New York Gov. Andrew Cuomo easily defeated a challenge from his left by actress Cynthia Nixon to win the Democratic nomination for a third term.

Cuomo beat Nixon by a 2-to-1 ratio — roughly the same margin as his 2014 primary victory over another liberal challenger Zephyr Teachout.

In remarks to supporters Thursday night, Nixon declared a moral victory, saying she had “fundamentally changed the political landscape” in New York by helping lead a revolt against establishment Democrats.

“We have changed what is expected of a Democratic candidate running in New York and what we can demand from our elected leaders,” Nixon said. “Some have called this the ‘Cynthia effect.’ I call it what happens when we hold our leaders accountable.”

“There is no question that she pushed him further to the left,” said Rep. Kathleen Rice, a former Long Island prosecutor who ran unsuccessfully for attorney general with Cuomo’s endorsement in 2010, told The Washington Post.

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It was a clean sweep for Cuomo’s ticket. In the attorney general’s race, Letitia James, the New York City public advocate and Cuomo’s choice, won the Democratic nomination in a four-way race, with  Zephyr Teachout finishing second. His running-mate, Lt. Governor Kathy Hochul, also won in her primary fight against New York City Councilman Jumaane Williams.

Cuomo hugely outspent Nixon, pouring at least $25 million into his campaign to run a blizzard of television ads. Polls had shown him leading her by 30 to 40 points.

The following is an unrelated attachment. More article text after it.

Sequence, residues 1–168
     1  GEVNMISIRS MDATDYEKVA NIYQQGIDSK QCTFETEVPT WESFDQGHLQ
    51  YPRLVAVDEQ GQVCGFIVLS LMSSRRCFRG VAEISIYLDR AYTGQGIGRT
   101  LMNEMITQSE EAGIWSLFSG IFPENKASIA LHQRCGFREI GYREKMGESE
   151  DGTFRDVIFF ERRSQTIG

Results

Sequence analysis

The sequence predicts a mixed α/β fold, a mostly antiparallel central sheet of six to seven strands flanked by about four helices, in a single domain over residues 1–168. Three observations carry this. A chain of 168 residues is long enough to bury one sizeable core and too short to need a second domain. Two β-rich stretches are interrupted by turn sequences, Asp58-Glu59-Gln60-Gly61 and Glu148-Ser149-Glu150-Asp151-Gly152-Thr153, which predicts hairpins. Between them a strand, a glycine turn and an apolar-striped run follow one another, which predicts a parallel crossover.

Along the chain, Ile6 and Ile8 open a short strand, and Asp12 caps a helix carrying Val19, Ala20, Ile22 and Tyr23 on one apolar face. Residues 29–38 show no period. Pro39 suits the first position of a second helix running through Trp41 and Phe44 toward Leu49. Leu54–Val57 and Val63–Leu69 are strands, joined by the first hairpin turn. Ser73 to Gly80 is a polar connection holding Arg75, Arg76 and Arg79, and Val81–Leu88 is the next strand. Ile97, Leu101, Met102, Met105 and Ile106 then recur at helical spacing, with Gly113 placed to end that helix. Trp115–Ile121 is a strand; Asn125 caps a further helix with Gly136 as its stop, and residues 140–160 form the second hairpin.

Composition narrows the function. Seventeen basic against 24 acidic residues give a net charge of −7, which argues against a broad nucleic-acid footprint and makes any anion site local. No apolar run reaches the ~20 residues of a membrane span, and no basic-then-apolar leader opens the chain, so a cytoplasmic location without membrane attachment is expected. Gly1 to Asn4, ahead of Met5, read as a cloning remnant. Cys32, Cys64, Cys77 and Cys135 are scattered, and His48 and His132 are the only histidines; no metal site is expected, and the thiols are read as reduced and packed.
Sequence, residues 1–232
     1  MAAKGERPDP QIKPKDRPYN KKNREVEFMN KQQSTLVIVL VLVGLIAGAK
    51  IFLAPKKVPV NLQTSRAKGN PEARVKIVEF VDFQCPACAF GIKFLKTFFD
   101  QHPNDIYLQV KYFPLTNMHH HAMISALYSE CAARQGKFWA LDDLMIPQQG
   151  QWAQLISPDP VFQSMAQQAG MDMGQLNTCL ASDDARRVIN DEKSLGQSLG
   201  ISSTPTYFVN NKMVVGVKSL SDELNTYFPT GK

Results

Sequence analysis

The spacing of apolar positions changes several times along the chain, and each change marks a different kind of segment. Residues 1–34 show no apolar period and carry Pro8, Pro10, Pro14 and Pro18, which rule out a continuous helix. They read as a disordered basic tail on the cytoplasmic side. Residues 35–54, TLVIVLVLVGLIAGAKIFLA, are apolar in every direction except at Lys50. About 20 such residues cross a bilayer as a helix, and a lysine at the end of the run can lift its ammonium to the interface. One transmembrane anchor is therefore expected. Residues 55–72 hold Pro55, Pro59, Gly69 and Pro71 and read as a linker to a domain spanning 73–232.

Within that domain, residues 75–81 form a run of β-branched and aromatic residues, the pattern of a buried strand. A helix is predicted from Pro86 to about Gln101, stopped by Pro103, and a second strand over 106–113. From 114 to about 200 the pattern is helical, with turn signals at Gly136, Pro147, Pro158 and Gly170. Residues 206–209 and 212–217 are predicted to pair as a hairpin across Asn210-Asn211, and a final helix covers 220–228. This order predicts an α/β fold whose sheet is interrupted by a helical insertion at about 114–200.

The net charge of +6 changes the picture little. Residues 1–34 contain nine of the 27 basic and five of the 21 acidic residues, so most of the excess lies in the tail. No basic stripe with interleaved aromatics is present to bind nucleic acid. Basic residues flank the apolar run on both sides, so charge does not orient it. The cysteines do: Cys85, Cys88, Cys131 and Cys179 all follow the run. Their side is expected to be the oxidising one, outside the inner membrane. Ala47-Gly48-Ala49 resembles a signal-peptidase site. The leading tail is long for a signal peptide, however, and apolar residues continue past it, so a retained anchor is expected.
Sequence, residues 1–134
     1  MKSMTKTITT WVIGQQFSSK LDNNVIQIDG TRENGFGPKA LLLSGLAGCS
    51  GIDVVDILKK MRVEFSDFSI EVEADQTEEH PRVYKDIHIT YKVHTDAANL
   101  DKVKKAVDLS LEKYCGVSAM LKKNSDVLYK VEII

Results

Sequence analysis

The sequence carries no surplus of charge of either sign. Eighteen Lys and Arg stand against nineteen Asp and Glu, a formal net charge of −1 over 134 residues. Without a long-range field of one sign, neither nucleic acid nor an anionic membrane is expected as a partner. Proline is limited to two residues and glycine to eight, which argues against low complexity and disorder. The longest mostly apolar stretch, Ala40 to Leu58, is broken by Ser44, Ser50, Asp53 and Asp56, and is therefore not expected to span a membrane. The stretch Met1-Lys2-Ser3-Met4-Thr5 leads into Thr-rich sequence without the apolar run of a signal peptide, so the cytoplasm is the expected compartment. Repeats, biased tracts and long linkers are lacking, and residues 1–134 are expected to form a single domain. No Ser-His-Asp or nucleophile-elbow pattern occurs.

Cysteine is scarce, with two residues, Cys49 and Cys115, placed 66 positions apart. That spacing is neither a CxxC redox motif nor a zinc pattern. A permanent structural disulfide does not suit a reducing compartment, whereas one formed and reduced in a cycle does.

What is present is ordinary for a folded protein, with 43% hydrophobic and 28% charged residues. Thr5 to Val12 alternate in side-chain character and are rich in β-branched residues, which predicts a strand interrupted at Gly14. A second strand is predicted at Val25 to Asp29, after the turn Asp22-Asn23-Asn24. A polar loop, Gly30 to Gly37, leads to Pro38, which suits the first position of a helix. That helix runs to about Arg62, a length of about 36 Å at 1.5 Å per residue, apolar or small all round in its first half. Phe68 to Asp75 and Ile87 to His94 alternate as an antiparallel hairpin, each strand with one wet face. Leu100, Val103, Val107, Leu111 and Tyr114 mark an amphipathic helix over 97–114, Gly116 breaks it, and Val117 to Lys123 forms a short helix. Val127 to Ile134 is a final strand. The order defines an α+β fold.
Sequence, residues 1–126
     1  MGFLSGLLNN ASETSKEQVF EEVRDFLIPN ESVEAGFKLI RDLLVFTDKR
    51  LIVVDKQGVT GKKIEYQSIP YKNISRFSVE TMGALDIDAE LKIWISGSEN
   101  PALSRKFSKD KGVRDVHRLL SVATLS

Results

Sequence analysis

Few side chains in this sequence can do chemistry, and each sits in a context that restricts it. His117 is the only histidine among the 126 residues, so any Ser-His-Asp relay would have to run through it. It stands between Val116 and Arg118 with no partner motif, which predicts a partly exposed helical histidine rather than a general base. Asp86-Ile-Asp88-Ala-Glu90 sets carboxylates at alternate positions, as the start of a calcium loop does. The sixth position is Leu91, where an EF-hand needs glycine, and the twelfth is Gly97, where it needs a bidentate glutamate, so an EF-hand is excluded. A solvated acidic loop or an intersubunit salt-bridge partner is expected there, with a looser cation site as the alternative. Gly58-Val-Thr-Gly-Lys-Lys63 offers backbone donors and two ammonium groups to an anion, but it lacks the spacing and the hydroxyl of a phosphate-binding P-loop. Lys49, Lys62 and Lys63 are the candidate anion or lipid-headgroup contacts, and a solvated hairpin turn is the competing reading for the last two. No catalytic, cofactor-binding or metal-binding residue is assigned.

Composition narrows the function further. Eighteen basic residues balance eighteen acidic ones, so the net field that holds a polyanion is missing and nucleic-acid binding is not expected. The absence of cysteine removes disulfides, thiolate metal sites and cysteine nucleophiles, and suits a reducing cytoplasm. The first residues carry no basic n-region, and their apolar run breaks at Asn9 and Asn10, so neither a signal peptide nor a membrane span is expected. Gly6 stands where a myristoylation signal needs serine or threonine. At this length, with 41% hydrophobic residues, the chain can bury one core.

“When others were underestimating us, he did not,” Nixon said in her concession speech. “And he spent accordingly.”

While Nixon scored a record number of small donors for a New York race, she struggled to collect larger donations, pulling in a total of just under $2.5 million with about 10 days left in the race.

The governor did not attend the Democratic Party’s primary celebration in Manhattan, instead choosing to watch the results come in privately with family and friends in Albany.

Nor did he choose to issue a statement marking his victory, with his campaign simply tweeting out a photo of him, Hochul and James with a four-work message: “Thank you New York.”

Nixon gave a passionate concession speech, congratulating Cuomo but taking credit for pushing him to the left.

“While the result tonight wasn’t what we had hoped for, I’m not discouraged,” Nixon said. “I’m inspired and I hope you are, too, because before even a single vote was cast in this election, we had already won.”

Cuomo now faces a less than 60-day sprint of a general election against the Republican, Marcus Molinaro, the Dutchess County executive who was once the youngest mayor in the nation.